Open Source Intelligence (OSINT): Finding Breached Email Addresses , Passwords and Other Credentials
Updated: Feb 15
Welcome back, my aspiring OSINT Investigators!
In the course of OSINT or forensic investigations, there are often times when you will need an email password of the subject of your investigation. In a security assessment or pentest, you may want to check to see whether you can obtain the passwords of users in the target organization. Nearly everyday, another data breach takes place and those email addresses and other credentials are sold and exchanged on the dark web. If you can obtain those credentials, it will likely make your job much easier.
In previous tutorials, we have demonstrated a number of tools for finding breached email addresses and passwords including h8mail. In this tutorial, we will look at what may be the best tool for finding breached emails, passwords and other credentials, www.dehashed.com.
Step #1: Open a Browser and Navigate to www.dehashed.com
Open a browser and go to www.dehashed.com. Like many other sites such as haveIbeenpwned.com, dehashed collects emails and credentials from data dumps on the dark web that have been compromised by hackers. Unlike those other sites, dehashed provides you all the credentials for a particular email address from the various dumps.
For instance, as part of a forensics investigation of a scammer Instagram account (a legitimate IG account was taken over and used to scam men out of their money), I found the email address that the scammers were using, firstname.lastname@example.org (Note: this was the account the scammers were using, but actually belongs to another person and had been taken over by the scammers). From there, I entered the email address into dehashed.com .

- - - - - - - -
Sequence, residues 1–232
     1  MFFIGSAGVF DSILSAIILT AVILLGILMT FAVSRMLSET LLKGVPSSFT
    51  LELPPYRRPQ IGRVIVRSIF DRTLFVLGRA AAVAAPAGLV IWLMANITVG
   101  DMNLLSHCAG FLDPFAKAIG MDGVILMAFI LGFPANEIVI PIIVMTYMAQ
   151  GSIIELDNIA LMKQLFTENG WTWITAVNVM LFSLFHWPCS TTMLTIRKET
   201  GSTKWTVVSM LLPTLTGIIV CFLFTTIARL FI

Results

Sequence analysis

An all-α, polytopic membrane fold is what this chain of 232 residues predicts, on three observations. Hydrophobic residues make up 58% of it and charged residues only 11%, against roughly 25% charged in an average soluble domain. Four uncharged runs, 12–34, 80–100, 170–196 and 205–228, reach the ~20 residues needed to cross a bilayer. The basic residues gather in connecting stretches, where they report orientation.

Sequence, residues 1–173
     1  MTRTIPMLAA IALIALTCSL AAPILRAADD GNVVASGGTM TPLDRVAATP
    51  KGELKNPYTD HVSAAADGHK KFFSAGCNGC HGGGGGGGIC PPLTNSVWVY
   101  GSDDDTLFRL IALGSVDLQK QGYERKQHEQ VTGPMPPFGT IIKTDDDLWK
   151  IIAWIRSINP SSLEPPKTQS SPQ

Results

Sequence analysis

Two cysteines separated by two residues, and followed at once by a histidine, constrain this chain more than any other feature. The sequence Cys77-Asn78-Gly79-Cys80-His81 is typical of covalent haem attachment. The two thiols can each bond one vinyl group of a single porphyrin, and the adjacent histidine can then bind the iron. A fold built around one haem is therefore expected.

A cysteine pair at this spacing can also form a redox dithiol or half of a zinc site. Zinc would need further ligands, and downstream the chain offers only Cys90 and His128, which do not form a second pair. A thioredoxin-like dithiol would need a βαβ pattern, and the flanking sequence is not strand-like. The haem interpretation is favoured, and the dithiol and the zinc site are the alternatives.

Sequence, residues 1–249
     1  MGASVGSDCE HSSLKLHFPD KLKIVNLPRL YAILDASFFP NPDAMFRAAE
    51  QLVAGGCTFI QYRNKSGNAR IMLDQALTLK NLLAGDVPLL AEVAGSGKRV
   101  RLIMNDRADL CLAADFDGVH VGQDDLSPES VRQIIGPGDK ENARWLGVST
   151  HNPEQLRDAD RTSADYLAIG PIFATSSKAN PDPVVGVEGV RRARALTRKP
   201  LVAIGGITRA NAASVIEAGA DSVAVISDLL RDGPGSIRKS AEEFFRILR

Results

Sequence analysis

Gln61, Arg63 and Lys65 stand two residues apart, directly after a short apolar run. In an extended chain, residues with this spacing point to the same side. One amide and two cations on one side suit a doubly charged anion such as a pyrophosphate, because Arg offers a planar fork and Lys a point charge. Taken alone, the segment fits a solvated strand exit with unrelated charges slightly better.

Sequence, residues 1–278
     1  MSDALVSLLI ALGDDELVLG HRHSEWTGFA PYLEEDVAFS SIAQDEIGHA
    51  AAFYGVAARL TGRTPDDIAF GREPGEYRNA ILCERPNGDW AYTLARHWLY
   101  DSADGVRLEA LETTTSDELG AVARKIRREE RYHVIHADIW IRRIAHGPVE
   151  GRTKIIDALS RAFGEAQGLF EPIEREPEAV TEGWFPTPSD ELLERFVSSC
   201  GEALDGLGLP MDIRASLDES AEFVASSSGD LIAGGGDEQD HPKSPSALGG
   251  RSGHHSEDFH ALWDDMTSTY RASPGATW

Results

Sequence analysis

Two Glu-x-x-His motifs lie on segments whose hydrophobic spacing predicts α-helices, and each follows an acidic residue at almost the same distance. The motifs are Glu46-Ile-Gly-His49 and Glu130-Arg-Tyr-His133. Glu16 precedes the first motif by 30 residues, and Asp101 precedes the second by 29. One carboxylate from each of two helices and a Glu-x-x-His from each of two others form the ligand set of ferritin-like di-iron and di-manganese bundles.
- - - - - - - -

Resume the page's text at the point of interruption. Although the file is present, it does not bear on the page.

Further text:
Dehashed finds that the email address appeared in at least 3 data dumps. When we click on one of the dumps, dehashed tells us that we need a subscription to get the passwords or password hashes or other info.
Dehashed is relatively inexpensive and if you are working as an investigator or pentester, its simply a small cost for some key info.
Now that we have subscribed and logged into account, we do the search again. This time when we click on one of the dumps, the hashed password is revealed.
From there, we can then attempt to crack the hash using sites such as;
or use such hash cracking tools as John the Ripper or hashcat.
In some cases, the data dumps include other key information. In this dump, the account name, username and IP address are revealed.
This dump from Mathway, included names, Google and Facebook ID's, email addresses, salted hashes and IP addresses.
Step #2: Try Another Email
Let's now try another. This one belongs to a colleague, Mick Scott. His email address, as you might expect, is email@example.com. When we enter it into dehashed, it returns numerous results. When we click on the first result from a data dump of CouponMom.com from 2014, we can see that his password was dumped in plaintext "redinuzi17".
Other dumps reveal another password "fender8".
In another dump, his password was dumped as a hash.
Of course, the user is probably no longer using these passwords but human beings--as we know--tend to use a version of their old passwords. That is where tools such as crunch are so useful in creating variations of a password.
Whether you are doing an OSINT investigation or a penetration test, finding the credentials of your target can be critical to your success. Although a number of tools are available for obtaining breached credentials from data dumps, dehashed.com may be the best and fastest. Although it is not free, it is inexpensive and may very well be a good investment if you are working as an investigator or information security assessor/pentester.